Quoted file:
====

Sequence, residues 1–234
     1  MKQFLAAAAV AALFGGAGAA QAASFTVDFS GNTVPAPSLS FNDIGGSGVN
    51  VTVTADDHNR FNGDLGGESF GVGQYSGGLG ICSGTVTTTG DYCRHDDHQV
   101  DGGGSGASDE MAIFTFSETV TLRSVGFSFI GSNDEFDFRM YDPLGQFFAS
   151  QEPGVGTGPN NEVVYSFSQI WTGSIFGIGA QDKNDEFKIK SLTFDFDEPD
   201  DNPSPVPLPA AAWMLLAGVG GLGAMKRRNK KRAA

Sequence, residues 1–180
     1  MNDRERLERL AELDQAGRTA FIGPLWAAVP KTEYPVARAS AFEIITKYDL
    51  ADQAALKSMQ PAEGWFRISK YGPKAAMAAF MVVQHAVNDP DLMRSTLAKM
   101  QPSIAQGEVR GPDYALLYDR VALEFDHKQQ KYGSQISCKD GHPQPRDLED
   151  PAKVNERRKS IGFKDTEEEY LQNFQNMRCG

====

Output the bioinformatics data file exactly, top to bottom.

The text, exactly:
Sequence, residues 1–234
     1  MKQFLAAAAV AALFGGAGAA QAASFTVDFS GNTVPAPSLS FNDIGGSGVN
    51  VTVTADDHNR FNGDLGGESF GVGQYSGGLG ICSGTVTTTG DYCRHDDHQV
   101  DGGGSGASDE MAIFTFSETV TLRSVGFSFI GSNDEFDFRM YDPLGQFFAS
   151  QEPGVGTGPN NEVVYSFSQI WTGSIFGIGA QDKNDEFKIK SLTFDFDEPD
   201  DNPSPVPLPA AAWMLLAGVG GLGAMKRRNK KRAA

Sequence, residues 1–180
     1  MNDRERLERL AELDQAGRTA FIGPLWAAVP KTEYPVARAS AFEIITKYDL
    51  ADQAALKSMQ PAEGWFRISK YGPKAAMAAF MVVQHAVNDP DLMRSTLAKM
   101  QPSIAQGEVR GPDYALLYDR VALEFDHKQQ KYGSQISCKD GHPQPRDLED
   151  PAKVNERRKS IGFKDTEEEY LQNFQNMRCG